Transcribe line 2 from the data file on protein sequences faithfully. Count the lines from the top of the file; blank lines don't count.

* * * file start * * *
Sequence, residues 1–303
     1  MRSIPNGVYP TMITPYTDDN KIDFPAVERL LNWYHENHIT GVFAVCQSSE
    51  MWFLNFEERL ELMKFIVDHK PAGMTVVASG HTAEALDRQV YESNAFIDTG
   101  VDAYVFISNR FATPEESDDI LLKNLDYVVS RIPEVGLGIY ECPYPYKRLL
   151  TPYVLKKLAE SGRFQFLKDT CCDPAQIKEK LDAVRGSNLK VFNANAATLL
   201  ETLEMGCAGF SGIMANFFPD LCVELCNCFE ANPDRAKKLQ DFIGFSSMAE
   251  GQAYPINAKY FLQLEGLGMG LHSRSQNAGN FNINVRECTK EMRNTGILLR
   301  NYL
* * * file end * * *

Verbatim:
     1  MRSIPNGVYP TMITPYTDDN KIDFPAVERL LNWYHENHIT GVFAVCQSSE